In debt we trust
The New York Times launches a series on debt in America. Gretchen Morgenson, one of the nation's smartest business reporters, is the lead author. If you think the credit crisis/mortgage crisis/mental recession is about Wall Street and deadbeats, you're missing an enormous cultural and social shift taking place in this country.
Here are a few stats from the first story:
Today, Americans carry $2.56 trillion in consumer debt, up 22 percent since 2000 alone, according to the Federal Reserve Board. The average household’s credit card debt is $8,565, up almost 15 percent from 2000.
College debt has more than doubled since 1995. The average student emerges from college carrying $20,000 in educational debt.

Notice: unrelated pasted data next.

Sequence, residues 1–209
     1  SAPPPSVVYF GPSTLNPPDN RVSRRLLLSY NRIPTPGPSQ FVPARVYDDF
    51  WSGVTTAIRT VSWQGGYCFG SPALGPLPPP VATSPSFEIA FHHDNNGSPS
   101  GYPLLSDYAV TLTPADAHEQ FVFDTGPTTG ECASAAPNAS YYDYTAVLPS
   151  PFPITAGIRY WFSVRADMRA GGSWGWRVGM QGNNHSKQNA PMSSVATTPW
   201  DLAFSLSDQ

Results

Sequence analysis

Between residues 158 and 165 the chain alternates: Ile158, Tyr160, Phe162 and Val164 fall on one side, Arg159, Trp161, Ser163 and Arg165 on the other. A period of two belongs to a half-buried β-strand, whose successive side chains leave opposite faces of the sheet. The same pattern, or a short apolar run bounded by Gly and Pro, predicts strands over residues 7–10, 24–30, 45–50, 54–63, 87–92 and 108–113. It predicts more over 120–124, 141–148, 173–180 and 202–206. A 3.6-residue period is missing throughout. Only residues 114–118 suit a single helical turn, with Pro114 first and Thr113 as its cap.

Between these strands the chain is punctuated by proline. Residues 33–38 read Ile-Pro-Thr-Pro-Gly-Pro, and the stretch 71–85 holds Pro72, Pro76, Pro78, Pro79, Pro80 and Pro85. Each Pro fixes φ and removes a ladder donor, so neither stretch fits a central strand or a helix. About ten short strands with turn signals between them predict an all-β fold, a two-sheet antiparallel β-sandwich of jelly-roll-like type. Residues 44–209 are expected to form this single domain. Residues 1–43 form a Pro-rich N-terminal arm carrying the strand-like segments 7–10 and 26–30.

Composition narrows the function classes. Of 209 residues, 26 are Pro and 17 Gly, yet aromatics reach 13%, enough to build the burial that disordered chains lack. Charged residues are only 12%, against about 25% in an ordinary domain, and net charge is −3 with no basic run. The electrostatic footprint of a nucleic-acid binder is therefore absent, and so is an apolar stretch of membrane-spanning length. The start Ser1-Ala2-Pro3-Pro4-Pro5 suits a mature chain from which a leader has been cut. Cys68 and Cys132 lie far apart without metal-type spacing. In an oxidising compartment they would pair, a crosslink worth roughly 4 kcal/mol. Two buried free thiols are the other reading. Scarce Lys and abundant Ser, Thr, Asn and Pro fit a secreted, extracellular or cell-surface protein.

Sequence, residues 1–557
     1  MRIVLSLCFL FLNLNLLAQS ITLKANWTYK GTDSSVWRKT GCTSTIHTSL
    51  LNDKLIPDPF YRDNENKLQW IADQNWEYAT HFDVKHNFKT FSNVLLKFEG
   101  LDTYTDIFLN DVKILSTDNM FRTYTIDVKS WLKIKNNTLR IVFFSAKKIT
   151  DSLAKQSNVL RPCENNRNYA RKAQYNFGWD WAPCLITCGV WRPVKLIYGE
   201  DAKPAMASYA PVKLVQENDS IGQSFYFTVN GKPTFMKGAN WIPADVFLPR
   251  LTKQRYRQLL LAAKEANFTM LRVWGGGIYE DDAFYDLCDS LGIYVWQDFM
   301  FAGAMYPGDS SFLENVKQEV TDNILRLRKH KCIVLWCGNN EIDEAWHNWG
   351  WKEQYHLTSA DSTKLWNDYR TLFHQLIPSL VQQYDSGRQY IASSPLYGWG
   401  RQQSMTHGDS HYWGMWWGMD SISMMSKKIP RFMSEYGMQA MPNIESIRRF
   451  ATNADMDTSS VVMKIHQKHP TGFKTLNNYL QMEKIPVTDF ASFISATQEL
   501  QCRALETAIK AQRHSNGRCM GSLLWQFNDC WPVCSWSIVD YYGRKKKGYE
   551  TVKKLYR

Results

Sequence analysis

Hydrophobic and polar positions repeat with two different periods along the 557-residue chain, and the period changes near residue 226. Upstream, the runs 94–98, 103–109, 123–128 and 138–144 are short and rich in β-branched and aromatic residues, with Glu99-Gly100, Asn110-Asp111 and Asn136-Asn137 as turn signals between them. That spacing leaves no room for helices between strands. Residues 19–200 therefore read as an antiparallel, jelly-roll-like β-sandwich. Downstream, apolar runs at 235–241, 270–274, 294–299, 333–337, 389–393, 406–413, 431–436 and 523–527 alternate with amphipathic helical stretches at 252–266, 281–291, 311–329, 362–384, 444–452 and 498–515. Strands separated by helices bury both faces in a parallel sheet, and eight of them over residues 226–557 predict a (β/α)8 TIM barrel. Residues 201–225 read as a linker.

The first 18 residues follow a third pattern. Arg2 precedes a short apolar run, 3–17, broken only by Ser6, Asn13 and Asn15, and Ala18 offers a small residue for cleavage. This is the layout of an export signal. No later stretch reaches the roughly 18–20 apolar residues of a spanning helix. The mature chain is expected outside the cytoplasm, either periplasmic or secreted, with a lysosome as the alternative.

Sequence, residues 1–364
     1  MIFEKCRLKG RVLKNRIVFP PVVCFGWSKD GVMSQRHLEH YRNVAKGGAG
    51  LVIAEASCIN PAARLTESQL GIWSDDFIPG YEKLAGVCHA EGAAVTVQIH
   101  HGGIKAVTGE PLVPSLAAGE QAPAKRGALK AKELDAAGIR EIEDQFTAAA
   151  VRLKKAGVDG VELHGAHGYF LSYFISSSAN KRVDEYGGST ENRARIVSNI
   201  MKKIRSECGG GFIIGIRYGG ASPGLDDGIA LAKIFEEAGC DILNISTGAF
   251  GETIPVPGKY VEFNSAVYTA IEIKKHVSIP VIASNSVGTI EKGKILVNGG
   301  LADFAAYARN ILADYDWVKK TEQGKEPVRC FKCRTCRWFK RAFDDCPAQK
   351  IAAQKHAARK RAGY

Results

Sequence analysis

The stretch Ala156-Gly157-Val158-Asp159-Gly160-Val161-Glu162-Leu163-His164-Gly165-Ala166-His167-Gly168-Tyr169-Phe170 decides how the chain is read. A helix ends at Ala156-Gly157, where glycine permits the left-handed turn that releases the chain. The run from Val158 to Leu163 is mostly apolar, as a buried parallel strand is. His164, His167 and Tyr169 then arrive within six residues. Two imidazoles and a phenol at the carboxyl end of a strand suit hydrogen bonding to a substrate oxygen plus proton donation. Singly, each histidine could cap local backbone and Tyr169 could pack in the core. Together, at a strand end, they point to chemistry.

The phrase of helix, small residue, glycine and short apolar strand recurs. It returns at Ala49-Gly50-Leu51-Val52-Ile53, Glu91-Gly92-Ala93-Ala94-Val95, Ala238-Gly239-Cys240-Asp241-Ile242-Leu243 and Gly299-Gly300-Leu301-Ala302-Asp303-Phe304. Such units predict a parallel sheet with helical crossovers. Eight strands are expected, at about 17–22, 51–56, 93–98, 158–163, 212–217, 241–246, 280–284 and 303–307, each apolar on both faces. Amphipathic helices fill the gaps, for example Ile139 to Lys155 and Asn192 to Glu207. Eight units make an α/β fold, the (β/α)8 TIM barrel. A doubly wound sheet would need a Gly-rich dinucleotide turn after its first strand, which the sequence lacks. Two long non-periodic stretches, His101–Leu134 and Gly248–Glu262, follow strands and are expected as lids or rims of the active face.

Household debt, including mortgages and credit cards, represents 19 percent of household assets, according to the Fed, compared with 13 percent in 1980.
Even as this debt was mounting, incomes stagnated for many Americans. As a result, the percentage of disposable income that consumers must set aside to service their debt — a figure that includes monthly credit card payments, car loans, mortgage interest and principal — has risen to 14.5 percent from 11 percent just 15 years ago.
By contrast, the nation’s savings rate, which exceeded 8 percent of disposable income in 1968, stood at 0.4 percent at the end of the first quarter of this year, according to the Bureau of Economic Analysis.